Many Midwestern cities are losing the native populations due to the fact that lots of people are “escaping” to the warmer Southern and Western states. As quickly as locals are leaving, however, immigrants are moving in. And that’s a good thing.
Regardless how you feel America’s immigration policy in the past or Donald Trump’s immigration policy changes, it’s important to understand that cities without immigrants could, well, die. Can America survive without immigrants? Read on to find out about the immigrant population in the Midwest and decide for yourself.
1. Trending now
As the country argues over the immigration issue, according to the Chicago Tribune, immigrants provide a lifeline for more than 40 Midwestern cities. They mitigate the population loss and revitalize an aging workforce.
Over the last decade and a half, immigrants have been responsible for Midwestern metro areas’ growth — to the tune of 37%. Because the Midwest has been experiencing the slowest growth in the U.S.
Next: Smaller town, bigger immigrant impact
2. Immigrants don’t make a huge difference in big-city populations
Immigrants make a big difference in smaller Midwestern cities, according to the Chicago Tribune, but in big cities — think Chicago — the population loss is greater, so they have not had the same impact as they have on smaller towns. In 2016, Chicago lost more residents than any big city in the U.S. — 19,570 residents left in one year.
Next: Settling in
3. This is where immigrants typically land
According to the Chicago Tribune, most immigrants tend to move to larger cities’ ethnic neighborhoods. But that might change.
Predictions from demographers point to this: Immigrants likely will keep building the population in quieter, midsize cities, where some might find it easier to adjust to life in the U.S.
Next: The numbers
4. Midwest population decline
The Chicago Tribune reported Midwest births are going down in number. Since the year 2000, the number of people born in approximately one-third of Midwestern metro areas has declined, and another third of the cities has grown by less than 7%. Compare that with the nation as a whole, which grew by 14% during the same timeframe.
Next: Smaller cities are growing, too.
5. Immigrants are starting to seek out smaller cities
In 2000, immigrants accounted for 7.8% of Midwestern metropolitan areas’ population, and by 2015 the number had grown to 9.7%, according to the Chicago Tribune. The areas where the largest number of immigrants moved to included Chicago, Detroit, and Minneapolis.
But other, smaller Midwestern cities are catching up. In fact, immigrants make up almost 10% of the population in these cities: Rockford, Ill.; Iowa City, Iowa; Bloomington, Ind.; Wichita, Kan.; Lincoln, Neb.; and Grand Rapids, Mich.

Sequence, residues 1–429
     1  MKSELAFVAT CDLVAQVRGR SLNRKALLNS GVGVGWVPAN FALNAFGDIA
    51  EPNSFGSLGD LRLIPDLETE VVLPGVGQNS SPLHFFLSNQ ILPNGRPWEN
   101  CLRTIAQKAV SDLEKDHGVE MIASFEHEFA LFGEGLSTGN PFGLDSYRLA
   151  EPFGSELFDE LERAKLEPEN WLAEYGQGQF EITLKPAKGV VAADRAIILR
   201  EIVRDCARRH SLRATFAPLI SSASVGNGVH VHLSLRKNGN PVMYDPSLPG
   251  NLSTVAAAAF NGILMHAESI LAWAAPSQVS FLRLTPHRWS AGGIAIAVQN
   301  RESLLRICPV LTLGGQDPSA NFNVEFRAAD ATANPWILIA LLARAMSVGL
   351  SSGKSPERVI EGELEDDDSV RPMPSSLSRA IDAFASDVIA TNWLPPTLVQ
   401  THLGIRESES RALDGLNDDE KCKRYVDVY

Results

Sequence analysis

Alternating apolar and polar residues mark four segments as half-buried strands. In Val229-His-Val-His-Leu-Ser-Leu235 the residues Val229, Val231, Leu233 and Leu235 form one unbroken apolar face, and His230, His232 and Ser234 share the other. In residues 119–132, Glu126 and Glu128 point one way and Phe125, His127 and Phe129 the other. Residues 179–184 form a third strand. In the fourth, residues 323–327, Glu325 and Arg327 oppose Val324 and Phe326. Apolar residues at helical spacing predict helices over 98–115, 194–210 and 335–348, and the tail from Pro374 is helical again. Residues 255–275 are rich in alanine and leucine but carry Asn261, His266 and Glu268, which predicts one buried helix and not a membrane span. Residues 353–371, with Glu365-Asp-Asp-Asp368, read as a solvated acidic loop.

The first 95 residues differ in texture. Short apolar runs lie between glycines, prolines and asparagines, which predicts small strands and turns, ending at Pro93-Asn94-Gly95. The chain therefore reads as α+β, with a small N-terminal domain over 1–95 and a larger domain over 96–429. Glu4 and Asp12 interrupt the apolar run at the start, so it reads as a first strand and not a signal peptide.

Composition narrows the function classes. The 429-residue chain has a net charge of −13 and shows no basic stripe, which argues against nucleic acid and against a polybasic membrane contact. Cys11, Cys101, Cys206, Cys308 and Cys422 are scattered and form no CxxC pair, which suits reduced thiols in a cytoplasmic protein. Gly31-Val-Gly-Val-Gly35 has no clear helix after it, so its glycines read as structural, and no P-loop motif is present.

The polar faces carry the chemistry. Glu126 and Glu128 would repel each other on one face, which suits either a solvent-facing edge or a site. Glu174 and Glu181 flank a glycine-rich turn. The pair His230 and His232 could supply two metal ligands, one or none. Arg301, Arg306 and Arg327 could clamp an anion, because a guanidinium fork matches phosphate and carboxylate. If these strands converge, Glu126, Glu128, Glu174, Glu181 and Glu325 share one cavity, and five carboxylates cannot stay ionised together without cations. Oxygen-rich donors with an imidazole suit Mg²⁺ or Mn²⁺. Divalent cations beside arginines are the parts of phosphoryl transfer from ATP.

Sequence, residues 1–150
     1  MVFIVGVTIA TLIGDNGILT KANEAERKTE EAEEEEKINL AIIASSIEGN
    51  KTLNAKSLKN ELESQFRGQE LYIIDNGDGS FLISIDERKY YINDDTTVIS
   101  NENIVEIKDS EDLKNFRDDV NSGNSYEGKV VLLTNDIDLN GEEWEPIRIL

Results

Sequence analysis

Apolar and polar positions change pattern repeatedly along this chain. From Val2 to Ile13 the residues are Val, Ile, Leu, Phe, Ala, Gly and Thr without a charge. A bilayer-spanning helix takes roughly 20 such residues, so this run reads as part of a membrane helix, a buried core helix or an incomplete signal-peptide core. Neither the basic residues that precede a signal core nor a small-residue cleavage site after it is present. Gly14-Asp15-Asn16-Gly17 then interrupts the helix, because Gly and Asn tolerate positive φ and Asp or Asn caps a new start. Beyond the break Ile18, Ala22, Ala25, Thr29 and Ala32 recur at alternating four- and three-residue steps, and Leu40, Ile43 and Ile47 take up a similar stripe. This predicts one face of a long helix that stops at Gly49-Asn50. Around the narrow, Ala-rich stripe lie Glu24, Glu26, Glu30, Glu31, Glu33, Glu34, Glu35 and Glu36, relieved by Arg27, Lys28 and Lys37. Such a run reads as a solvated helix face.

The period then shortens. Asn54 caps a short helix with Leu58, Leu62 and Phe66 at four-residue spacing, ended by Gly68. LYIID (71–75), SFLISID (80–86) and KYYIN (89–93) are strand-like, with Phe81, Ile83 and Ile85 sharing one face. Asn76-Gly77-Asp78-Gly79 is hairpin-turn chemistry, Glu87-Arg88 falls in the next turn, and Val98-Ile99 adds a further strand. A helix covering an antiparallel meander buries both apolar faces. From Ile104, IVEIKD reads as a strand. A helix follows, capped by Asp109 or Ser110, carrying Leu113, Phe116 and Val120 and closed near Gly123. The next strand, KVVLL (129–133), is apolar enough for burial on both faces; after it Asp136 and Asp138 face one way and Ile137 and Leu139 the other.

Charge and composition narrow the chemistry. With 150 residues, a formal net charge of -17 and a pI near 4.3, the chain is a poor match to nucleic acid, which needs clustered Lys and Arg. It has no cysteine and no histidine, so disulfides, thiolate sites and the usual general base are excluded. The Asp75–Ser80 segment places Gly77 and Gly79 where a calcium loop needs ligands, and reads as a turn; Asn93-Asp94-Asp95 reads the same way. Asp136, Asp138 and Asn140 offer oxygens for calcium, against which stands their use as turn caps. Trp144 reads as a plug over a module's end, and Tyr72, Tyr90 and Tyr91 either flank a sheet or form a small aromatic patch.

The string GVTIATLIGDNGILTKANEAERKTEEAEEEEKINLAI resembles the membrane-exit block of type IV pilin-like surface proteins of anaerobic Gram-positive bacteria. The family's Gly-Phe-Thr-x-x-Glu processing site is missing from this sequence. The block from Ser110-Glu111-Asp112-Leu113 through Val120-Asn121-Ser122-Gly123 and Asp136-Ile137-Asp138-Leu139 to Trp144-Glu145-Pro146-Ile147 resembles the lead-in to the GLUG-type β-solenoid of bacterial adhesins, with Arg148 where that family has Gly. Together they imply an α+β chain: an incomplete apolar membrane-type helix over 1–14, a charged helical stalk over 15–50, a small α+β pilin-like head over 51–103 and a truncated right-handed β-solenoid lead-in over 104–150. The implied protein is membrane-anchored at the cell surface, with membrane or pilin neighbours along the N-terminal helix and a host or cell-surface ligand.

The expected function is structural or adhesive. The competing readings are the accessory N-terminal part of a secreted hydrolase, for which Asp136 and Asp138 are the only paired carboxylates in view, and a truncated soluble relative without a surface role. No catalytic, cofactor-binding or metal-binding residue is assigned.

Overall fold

Next: An economic boost
6. Immigrants are helping the economy
The economy is getting healthier in Midwest cities where immigrants settle, according to the Chicago Tribune. In fact, the mayor of Rockford, Ill., Tom McNamara, said, “From an economic standpoint, we’re seeing the impact the immigrant population has on our city. It’s pretty dramatic. Foreign-born residents are starting businesses at a more frequent rate.”
Next: Welcome wagon
7. Midwest cities welcome immigrants
For the most part, according to the Chicago Tribune, Midwest cities accept and welcome immigrants. For instance, take Tshela Annie Mwambuyi, a 42-year-old mother of six who arrived from the Congo to Rockford, Ill., in December 2015.
About her neighbors, Mwambuyi said, “They’re showing love to us. Even from the church, even from the hospital [where she gave birth]. People are respecting human beings. It’s not only if you are there, sitting next to me. It’s coming from here,” she said, putting her hand over her heart.
Next: Play by the rules.
8. The Midwest likes to keep things legal
The Midwest welcomes immigrants, but on the whole wants them to immigrate legally, according to the Chicago Tribune. For example, 52-year-old Wausau, Wis., resident Scott Hansen says he supports and embraces immigrants who want to start new lives in his city, but he feels they should do it the right way, through a “front door, not a back door.”
“People that intentionally break the law regardless of what it is — in this case we’re talking about immigration — laws are established for a reason. In order to have a functional society everybody has to play by the same rules,” said Hansen.
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